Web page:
of MBA Educational Expenses Under the Allemeier Opinion
Homer L. Bates and Bobby E. Waldrup
APRIL 2006 - Historically,
the IRS and U.S. Tax Courts have conservatively applied the
requirements for the deductibility of education expenses under
IRC section 162, as interpreted by Treasury Regulations section
1.162-5. Despite the nature of the Master’s of Business
Administration (MBA) as a generalized skills–enhancement
degree, the courts have generally classified this degree with
more-targeted profession-oriented degrees in the denying of
deductibility. In the September 2005 CPA Journal,
Cynthia Bolt-Lee discussed the tax deductibility of advanced
business degrees, primarily the MBA (“Deductibility
of Advanced Business Degrees”). Bolt-Lee concluded:
“Court rulings differ widely from case to case. Generally
speaking, the courts and the IRS appear to be continuing their
conservative approach when interpreting the requirements of
qualifying deductible education expenses.” Recently,
the results of the Tax Court case of Daniel R. Allemeier
v. Comm’r (TC Memo 2005-207) provided a more liberal
interpretation of this regulation, permitting the taxpayer
to deduct the tuition costs of his MBA program despite his
steady professional advancement during his MBA studies. The
outcome and facts of this case are of interest to the thousands
of current and future MBA students, especially the two-thirds
of them who attend part-time programs.
section 162 allows for the deduction of ordinary and necessary
expenses incurred in carrying on a trade or business. Treasury
Regulations section 1.162-5 details the guidelines for determining
which educational expenses incident to a taxpayer’s
trade or business are deductible. The IRS’s guidelines
for determining the deductibility of work-related education,
from Publication 970, are illustrated in Exhibit
2002, the Tax Court ruled in Galligan (TC Memo
2002-150) that a law librarian could not deduct her law
school expenses because the expenses qualified her for a
new trade or business. She argued that attending law school
improved and maintained her skills as a law librarian. The
court argued that even though this argument was valid, the
program of study also qualified her for a new trade or business.
Because of the law degree, she became eligible for admission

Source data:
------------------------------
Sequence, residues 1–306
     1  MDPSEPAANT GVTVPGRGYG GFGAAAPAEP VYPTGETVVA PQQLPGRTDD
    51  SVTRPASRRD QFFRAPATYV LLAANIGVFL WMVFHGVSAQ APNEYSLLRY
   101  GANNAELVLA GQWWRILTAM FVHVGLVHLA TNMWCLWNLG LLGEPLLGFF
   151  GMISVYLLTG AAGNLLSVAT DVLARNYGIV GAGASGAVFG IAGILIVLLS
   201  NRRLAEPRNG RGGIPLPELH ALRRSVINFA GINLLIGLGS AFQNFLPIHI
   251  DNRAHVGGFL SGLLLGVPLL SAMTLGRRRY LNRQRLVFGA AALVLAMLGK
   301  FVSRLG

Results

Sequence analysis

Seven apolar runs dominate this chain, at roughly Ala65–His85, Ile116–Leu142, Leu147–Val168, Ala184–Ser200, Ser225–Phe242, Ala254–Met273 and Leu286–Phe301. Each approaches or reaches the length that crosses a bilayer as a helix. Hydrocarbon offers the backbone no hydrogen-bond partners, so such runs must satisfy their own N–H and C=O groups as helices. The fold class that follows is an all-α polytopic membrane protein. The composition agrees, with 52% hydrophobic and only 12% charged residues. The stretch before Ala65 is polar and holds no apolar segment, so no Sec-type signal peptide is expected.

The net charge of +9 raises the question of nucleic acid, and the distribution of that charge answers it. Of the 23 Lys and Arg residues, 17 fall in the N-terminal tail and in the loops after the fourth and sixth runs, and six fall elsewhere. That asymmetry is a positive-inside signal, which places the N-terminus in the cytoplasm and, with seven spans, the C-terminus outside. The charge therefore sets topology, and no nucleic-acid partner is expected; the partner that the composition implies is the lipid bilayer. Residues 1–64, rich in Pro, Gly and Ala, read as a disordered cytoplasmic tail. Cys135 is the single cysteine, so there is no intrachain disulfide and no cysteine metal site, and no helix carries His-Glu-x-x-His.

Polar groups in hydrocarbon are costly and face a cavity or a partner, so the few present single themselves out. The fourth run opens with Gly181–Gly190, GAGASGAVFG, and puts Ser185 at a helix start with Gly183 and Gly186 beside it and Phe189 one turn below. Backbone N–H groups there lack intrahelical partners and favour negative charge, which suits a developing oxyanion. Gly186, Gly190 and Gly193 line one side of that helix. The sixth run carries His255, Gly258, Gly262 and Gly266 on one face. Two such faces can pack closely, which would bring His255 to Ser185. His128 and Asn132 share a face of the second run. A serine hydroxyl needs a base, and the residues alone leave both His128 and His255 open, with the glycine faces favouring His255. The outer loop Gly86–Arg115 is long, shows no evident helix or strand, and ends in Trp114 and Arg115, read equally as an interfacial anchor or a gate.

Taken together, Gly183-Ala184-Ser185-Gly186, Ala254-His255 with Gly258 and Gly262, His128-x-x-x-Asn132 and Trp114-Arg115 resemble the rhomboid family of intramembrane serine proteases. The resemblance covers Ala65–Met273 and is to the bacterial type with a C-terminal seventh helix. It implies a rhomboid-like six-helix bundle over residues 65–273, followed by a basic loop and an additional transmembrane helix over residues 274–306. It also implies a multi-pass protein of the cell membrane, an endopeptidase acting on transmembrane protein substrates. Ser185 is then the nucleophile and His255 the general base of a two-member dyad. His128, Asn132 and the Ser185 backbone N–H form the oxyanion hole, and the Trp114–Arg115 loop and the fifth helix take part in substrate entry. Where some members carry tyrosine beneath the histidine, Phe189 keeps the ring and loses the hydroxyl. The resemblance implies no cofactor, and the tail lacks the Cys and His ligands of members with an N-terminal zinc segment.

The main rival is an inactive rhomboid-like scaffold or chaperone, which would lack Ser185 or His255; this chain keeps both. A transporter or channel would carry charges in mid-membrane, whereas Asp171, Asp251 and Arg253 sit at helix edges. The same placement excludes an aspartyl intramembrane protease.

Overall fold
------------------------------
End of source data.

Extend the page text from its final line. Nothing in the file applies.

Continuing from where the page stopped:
to the state bar and to enter the general practice of law.
It was not relevant that it also helped her in the performance
of her duties in her present position. In McEuen
(TC Memo 2004-107), the taxpayer was denied the costs of
obtaining an MBA from Northwestern University. She was employed
by two financial analyst firms after receiving her baccalaureate
degree. It was known at these firms that an MBA was required
for promotion. She resigned her position and entered and
completed the MBA program at Northwestern University. After
graduation, she took a position that required the MBA. The
court denied the deduction, ruling that the tasks and activities
at her new position were different than those at her previous
position and, therefore, the MBA qualified her for a new
trade or business.
Sherman (TC Memo 1977-301), the Tax Court sided
with the taxpayer and allowed the deduction of his expenses
incurred in receiving his MBA from Harvard University. Sherman
was employed by the Army and Air Force Exchange Service
as a manager. Upon being accepted into the Harvard MBA program,
he requested a leave of absence, which was denied. He resigned
and completed his MBA program two years later. He reapplied
to the Exchange Service, but a position was not available.
He then accepted a corporate managerial position. The IRS
argued that Sherman was not in a trade or business at the
time he incurred the educational expenses. The Tax Court
disagreed with the IRS and allowed the deduction. The Sherman
case is important because the taxpayer was a full-time,
unemployed MBA student and his educational expenses were
deductible because the court held that he was involved in
a trade or business and was only temporarily away from it.
Schneider (TC Memo 1983-753), the court ruled that
Schneider’s duties as an Army officer did not constitute
a trade or business and therefore his Harvard MBA qualified
him for a new trade or business. Schneider argued that his
position in the Army was that of a manager and his studies
at Harvard improved his managerial skills. The court did
not agree with this argument, stating that under this view
nearly anyone could claim to be a manager in a trade or
business. In the August 31, 2005, Allemeier Tax
Court ruling, however, Justice Kroupa ruled that the taxpayer
should have been allowed a tax deduction of over $15,000
in tuition-related expenses incurred in pursuing an MBA
from Pepperdine University.
Allemeier Tax Court Memorandum
1996, Allemeier had been employed as a salesman by a laboratory
that specializes in making removable orthodontic appliances.
He was initially employed part-time, and became a full-time